IF plans to cut the number of County Championship games from 16 per season to 14 were already in place, Yorkshire’s campaign would now be over.
In some respects, that would not be a bad thing, given that they have already achieved their principal goal of retaining the title.
True, Yorkshire could yet obtain the record number of points since the move to two divisions in 2000; they went into this match needing a further 12 for the Division One record, and 21 for the overall record ahead of next week’s final game of the season against Sussex at Headingley.
But to all intents and purposes, the spark has gone from their summer because of their own sparkling cricket; the players would not be human if, after the inevitable euphoria of another title, thoughts did not drift – subconsciously at least – to a nice warm beach.
There has been nothing warm or beach-like at Southampton, where autumn is advancing with a vengeance.
Play was delayed for nearly two hours on day two after rain, and today’s forecast suggests that flippers – rather than flip-flops – will be de rigueur, with the Met Office having issued a Yellow warning.
Cricket in September is a hazardous affair, and it is just as well for Yorkshire that they are not chasing points for the title in the same way that Hampshire are chasing them to escape relegation.
If the weathermen are correct, the likeliest outcome now is a draw.
The main driving force may have gone from Yorkshire’s season, but they do not want to sign off with a whimper.
Defeat to Middlesex at Lord’s last week – their solitary reverse in this year’s tournament – could be attributed to the title having been clinched on the opening day, but they want to ensure that standards stay high.
They are playing a Hampshire team, however, who have run into form, and who are proving suitably tough opposition.
After scoring 400-9 declared in their first innings, the hosts have Yorkshire struggling at 82-4.
When play finally began yesterday at 12.20, there was a game within a game as Hampshire pursued maximum batting points.
Considering they needed to score 181 from 32 overs with six wickets left, they did well to get them – more so when that equation became 108 from 13 overs after lunch.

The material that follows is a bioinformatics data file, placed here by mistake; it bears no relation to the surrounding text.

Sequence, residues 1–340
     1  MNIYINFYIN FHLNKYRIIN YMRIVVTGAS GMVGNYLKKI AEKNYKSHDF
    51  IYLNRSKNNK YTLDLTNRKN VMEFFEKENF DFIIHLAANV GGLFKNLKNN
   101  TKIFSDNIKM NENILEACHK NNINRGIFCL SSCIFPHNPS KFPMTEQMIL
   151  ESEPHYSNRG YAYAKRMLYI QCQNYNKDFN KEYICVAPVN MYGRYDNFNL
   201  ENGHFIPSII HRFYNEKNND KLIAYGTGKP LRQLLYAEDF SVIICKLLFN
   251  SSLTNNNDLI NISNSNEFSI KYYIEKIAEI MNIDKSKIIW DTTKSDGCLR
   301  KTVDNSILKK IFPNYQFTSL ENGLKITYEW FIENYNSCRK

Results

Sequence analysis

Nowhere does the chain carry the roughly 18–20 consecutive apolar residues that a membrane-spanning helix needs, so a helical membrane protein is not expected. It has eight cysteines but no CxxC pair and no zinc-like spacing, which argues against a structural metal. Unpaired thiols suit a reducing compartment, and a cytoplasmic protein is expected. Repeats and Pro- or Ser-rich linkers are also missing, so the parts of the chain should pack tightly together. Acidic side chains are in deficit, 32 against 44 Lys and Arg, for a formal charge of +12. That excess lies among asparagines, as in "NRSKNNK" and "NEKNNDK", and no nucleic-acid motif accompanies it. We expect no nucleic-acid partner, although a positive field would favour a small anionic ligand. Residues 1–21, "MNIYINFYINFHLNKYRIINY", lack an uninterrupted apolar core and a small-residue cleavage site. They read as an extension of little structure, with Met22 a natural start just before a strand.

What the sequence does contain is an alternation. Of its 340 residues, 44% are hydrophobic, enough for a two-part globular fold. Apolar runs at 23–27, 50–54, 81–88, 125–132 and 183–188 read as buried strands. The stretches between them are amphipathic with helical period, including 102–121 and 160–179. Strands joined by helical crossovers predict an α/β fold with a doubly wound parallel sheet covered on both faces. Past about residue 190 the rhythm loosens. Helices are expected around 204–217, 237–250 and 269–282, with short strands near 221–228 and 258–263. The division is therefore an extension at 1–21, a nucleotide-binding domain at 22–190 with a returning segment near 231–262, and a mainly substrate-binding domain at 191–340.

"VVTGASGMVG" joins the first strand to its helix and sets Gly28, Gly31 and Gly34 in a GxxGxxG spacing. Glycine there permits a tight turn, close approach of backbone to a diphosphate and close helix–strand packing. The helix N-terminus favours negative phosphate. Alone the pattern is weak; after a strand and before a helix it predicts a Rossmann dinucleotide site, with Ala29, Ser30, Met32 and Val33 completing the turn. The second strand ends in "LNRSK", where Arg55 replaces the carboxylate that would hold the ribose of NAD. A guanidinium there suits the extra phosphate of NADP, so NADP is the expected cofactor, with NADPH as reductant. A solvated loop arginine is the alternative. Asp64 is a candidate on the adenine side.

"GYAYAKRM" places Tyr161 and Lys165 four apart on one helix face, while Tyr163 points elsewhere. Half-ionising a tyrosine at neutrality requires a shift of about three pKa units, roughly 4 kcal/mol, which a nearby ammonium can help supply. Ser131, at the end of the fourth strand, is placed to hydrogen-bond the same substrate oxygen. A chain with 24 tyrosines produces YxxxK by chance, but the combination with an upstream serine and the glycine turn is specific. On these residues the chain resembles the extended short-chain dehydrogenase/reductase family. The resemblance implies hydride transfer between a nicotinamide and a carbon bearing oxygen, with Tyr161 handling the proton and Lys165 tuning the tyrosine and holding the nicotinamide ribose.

But after Liam Dawson and Sean Ervine batted throughout a truncated first session, with a third of the day lost to the elements, Hampshire scored at just under 10 an over after the break.
With wickets going down like ninepins too, it made for some blink-and-you-miss-it entertainment.
Ervine did not linger after lunch, adding just two more runs to depart for 43 when he came down the track to spinner James Middlebrook, seemed to get caught in two minds and was stumped.
Yorkshire benefited from Hampshire’s quest for quick runs, Jack Brooks having Adam Wheater – who had batted like a cat on a hot tin roof – taken at mid-wicket when he bobbed up a cleverly disguised slower delivery.
Hampshire slipped to 368-7 when Matthew Fisher had Ryan McLaren caught low down at mid-on by Jack Leaning from a full toss – probably the worst ball that Fisher bowled.
For the most part, the 17-year-old was outstanding, his potential growing clearer by the day.
Dawson went on to a superb 140, finally ended when he skied Middlebrook to short fine-leg, wicketkeeper Andrew Hodd running round to take the catch.
Dawson faced 212 balls and hit 18 of them to the boundary.
With time running out to get up to 400, Gareth Berg provided key acceleration when he hit each of Middlebrook’s next four balls to the rope.
Berg went on to an unbeaten 27 from nine balls, six of which he dispatched for four.
One ball after reaching 400, Hampshire lost their ninth wicket when Ryan Stevenson was caught behind off Fisher, which, in turn, gave Yorkshire maximum bowling points.
Adam Lyth’s day got no better after he was left out of England’s Test squad to play Pakistan in the United Arab Emirates.
The left-hander fell for a second-ball duck in the opening over of Yorkshire’s reply, flashing Fidel Edwards to third slip.
Gary Ballance – dropped on nine by Will Smith in the gully off Edwards – added 51 with Alex Lees before picking out square-leg.
Andrew Gale was caught behind off McLaren, who had Jack Leaning taken at first slip, but Lees and Tim Bresnan stood firm.